“ʻŌhiʻa is as old as the volcanic islands,” said Kekuhi Kealiʻikanakaʻoleohaililani of Hālau ʻŌhiʻa. “When we talk about their significance, we may talk about objects of the culture. But, what we need to begin talking about seriously, is if the ʻōhiʻa were not here, what about our lifeway might change.”
Rapid ‘Ōhiʻa Death (ROD) is a disease caused by the fungus Ceratocystis Fimbriata. Since it was discovered in 2014, ROD has wiped out ʻōhiʻa trees across 50,000 acres on Hawai‘i Island, at an average loss of 10 percent per year.
“It’s impossible for me to imagine a Hawaiʻi without ʻōhiʻa,” said Kainana Francisco of the USDA Forest Service. “Losing ʻōhiʻa would have devastating ripple effects on our forest landscapes and watersheds, the health of our islands and our communities, and Hawaiʻi culture and lifeways. So it’s important for everyone, Hawai‘i stewardship agencies and organizations, our communities, and even our visitors to our islands, to continue to work together to prevent the disease from spreading, and protect Hawai‘i’s precious natural resources and unique ecosystems.”
While the disease is currently isolated to Hawai‘i Island, it has the potential to spread to other islands and affect ʻōhiʻa and the health of ecosystems statewide. Simple ways that anyone can prevent the spread of ROD include:
Not moving any parts of the ʻōhiʻa plant;
Not transporting ʻōhiʻa interisland per the State Department of Agriculture’s quarantine rule preventing ROD from reaching other islands;
Avoid wounding or pruning ʻōhiʻa plants, which make them vulnerable to the fungus;
Decontaminate gear and tools (including shoes and clothes) before and after entering forests; and
Wash tires and undercarriages of vehicles when traveling off-road and to any areas affected by ROD.
For more information about ʻōhiʻa, ROD,and other updates on the work that needs to be done about ROD, visit www.rapidohiadeath.org.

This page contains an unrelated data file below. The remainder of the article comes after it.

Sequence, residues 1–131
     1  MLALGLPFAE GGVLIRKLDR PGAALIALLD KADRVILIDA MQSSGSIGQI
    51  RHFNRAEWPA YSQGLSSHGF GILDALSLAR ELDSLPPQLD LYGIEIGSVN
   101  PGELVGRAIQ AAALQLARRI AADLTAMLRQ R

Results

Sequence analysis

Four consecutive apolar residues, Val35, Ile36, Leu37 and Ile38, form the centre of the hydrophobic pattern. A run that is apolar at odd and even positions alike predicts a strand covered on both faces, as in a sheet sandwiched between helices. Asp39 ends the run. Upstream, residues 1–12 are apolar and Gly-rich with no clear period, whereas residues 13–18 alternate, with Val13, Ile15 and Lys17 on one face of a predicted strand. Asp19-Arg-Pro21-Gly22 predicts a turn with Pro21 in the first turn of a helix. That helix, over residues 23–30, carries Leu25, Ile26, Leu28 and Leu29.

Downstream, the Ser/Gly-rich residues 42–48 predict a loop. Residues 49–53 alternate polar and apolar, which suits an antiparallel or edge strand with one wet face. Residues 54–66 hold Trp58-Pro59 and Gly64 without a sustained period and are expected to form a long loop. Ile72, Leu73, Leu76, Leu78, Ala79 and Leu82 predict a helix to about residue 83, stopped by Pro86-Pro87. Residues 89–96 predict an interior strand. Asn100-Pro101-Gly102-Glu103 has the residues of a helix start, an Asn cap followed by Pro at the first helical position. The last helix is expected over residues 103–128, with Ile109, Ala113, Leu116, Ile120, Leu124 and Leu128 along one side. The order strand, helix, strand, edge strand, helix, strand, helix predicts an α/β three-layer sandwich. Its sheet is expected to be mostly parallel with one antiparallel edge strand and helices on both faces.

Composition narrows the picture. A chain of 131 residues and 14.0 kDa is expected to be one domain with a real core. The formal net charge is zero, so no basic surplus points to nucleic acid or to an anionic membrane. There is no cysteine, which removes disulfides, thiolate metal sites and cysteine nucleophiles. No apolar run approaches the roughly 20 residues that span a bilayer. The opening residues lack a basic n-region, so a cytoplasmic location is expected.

“I prefer not to say Rapid ʻŌhiʻa Death,” added Kealiʻikanakaʻoleohaililani. “That’s not what we want. What we want is Rapid ʻŌhiʻa Health. Without them, there is no life in the Hawaiʻi Islands.”
Expert panel to discuss online privacy following loss of federal protections
Rep. Matt LoPresti will host a teach-in to discuss personal internet privacy on both the federal and state levels following the recent loss of government protections by the Trump Administration.
The Teach-in will be held on Sunday, April 30 from 10:30 a.m. to noon at Box Jelly, 301 A Kamani Street in Honolulu.
With internet protections rules repealed, internet service providers are now allowed to track, package and sell your personal internet browsing history without your knowledge or consent.
Rep. LoPresti and a panel of internet security experts will explain attempts during the current legislative session to protect personal privacy, what steps are now being planned and, most importantly, what residents can do now to protect themselves.
Todd Nacapuy, Chief Information Officer of the state Office of Enterprise Technology Services will attend the event along with internet security experts.
Residents can bring their laptops to learn how to install a VPN (virtual private network) and ‘HTTPS everywhere’ add ons to their browsers.
The gap in privacy protections left by the federal actions require individual states to take action to protect consumers’ data. One of the most troubling aspects is that telecom companies are no longer responsible for protecting your data, even though they will be collecting it, according to Rep. LoPresti.
“The problem is multi-faceted and there are currently no government protections from companies selling your personal data to the highest bidder,” said LoPresti. “You need to know how to protect yourself until we can create state laws to make this kind of abuse illegal.”
LoPresti said it is now clear from the large amount of money donated to Congress members who voted to repeal these rules, that internet service providers have a huge invested interest in our private data including Social Security numbers, geo-locations, and browsing history.
“Even if telecom companies do not actually package and sell the browsing histories for individuals, they are compiling and packaging that data for sale as part of larger aggregates, and – thanks to Congress and President Trump signing the bill – these companies are not even incentivized to legally protect this data,” he said.
LoPresti said that everyone is vulnerable and should take action on their own to protect internet privacy.
Seating is limited. Call 808 769-6921 to RSVP for the event.